A few years ago I had the chance to help organise and manage the translation of the Goldman Sachs’ very popular online course 10,000 Women available on Coursera. For who has never heard of it, this course is still available and, as mentioned on the Coursera's platform, it is aimed at providing a practical business education, while strengthening the attendants' business knowledge, skills and plans for growth. It was originally designed for women business owners in emerging economies, but anyone can enrol and attend it. So, the topic was very interesting to me and having always been in some sort of language or linguistic environment, I found that working with people from the Digital Education Service at the University of Leeds, who didn’t necessarily know much about translation quality and processes, proved to be a positively challenging but also very interesting opportunity. This is why I have decided to share my experience in a couple of articles that describe how to proceed when you have to include translation in an existing project because maybe you too don't know where to start 😎. So, watch out for part 2 of this process.
To start with, I should clarify that the e-learning course we worked on had already been launched online, so it was a case of adding the translation/localisation step into something that had not initially been optimised for translation at all. This is a very important aspect to focus on, not only because the files for translation included all sorts of directions that needed to be filtered out, but the text and video content for translation was not all in one place. This file preparation step created a lot of work for who was in charge of managing the content and, even if you are not interested in having your material translated just yet, this is maybe something to keep in mind when organising your folders 🤓.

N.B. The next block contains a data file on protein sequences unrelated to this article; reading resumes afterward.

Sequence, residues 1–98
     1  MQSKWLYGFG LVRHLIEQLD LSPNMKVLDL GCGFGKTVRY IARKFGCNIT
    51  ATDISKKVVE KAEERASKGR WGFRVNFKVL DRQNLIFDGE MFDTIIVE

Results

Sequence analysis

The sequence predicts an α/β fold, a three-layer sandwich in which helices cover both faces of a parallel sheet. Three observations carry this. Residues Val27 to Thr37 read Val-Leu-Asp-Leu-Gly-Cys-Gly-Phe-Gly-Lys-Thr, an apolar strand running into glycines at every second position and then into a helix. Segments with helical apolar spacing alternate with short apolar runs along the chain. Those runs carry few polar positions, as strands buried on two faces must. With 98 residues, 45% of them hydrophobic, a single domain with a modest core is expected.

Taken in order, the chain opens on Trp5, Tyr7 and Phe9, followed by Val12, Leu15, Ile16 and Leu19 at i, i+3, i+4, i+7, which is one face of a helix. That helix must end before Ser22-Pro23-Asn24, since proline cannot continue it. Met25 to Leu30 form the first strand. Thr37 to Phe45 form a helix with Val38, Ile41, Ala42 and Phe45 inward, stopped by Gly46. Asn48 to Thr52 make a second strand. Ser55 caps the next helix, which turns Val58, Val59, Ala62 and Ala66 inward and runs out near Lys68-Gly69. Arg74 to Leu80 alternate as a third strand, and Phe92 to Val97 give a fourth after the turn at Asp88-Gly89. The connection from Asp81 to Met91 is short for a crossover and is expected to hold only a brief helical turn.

After this long introduction, I would also like to mention that the team had already selected the languages they wanted the course to be translated into, so I can’t really share what that process looked like. Anyway, let’s crack on with this lengthy but effective process!
Gather ALL the files that need translating and get a word count
No matter if you work in a big or small company, you will need to have a meeting with or contact all the people that worked on the course or project you want to translate and decide what actually needs translating – nobody wants to go back to the translation agency and ask for additions to their projects to then end up spending more than expected!
The content you may want to consider is:
Once you have all this, you should be able to get a word count, however it is only possible if your files are in user-friendly format that will allow you to have a rough idea of how many words you need translated. This will also ensure you have some sort of ballpark figure you can compare with what the agency you choose will include in their quote.
These are the first steps to start getting your content ready: it’s already quite a long process that in some companies may take days or even weeks!
In the second part of this guide we’ll explore how to actually choose a translator or translation agency and assign the work to them, ensuring quality and clear procedures are followed, so watch out for that!